Death Certificate

Adrian M. Schnall


How far back in the chain to go?

I’m penning in an entry

on the parchment of public record,

creating a statistic for the students of disease,

but writing too the final word

on the last page of the book

for the bereaved.


So robust, barrel of a woman,

layered in corsets from another century.

Her heart went dead December first,

but Staphylococci started

seeding her veins three days before,

breeding in the purple sore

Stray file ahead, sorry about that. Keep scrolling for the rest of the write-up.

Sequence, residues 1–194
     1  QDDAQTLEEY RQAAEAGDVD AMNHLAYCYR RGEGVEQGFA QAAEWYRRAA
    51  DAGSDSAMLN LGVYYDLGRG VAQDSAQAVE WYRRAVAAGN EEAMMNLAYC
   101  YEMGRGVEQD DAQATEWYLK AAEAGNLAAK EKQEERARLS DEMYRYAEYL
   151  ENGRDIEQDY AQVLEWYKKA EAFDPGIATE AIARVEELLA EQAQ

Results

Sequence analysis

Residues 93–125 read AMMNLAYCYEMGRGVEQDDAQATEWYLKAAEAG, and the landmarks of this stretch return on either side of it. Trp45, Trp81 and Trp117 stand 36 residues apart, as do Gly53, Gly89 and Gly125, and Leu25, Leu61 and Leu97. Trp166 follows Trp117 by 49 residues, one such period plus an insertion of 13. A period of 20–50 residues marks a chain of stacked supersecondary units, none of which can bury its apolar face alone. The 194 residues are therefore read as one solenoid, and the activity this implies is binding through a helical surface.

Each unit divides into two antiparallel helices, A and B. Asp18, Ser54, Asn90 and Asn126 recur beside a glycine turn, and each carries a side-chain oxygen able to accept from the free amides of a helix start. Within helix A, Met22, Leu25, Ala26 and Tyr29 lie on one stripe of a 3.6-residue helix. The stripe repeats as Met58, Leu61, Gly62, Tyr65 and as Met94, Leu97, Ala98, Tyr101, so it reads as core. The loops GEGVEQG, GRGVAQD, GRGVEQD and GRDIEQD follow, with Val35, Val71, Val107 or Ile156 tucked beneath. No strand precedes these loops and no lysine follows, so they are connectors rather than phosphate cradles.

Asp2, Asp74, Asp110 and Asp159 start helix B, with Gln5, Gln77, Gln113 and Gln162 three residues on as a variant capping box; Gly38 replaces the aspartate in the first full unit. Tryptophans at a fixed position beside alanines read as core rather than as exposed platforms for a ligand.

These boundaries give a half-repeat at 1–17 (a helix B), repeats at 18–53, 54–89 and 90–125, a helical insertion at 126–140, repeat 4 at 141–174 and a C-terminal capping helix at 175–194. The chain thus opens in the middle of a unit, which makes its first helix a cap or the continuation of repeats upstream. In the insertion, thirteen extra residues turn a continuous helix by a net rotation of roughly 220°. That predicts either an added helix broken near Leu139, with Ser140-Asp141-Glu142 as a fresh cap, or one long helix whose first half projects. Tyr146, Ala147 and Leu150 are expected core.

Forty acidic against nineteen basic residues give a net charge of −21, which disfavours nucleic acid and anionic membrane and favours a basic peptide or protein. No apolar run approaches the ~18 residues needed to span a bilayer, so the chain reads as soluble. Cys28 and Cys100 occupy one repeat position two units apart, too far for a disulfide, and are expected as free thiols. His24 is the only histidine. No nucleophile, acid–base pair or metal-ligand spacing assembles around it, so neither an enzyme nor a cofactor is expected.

that showed its color Labor Day.

An ulcer on her bottom,

branded there by months of sitting

staring at air, still as a Stonehenge rock.

We lost her when her mind burned out in May.


Should I say dementia killed her?

Not enough space

for a dissertation

on causation and its subtleties.

I can’t just call it stoppage

of the clock—
that’s one frame

out of thousands
in a documentary.

I settle for “Septicemia, Staph.”

The statisticians will be pleased,

two different categories.

And there’s her daughter’s face,

and her grandchildren at peace,

remembering her as maimed

by an invading legion,


her forgetting

of their names.


poetry; death; medicine

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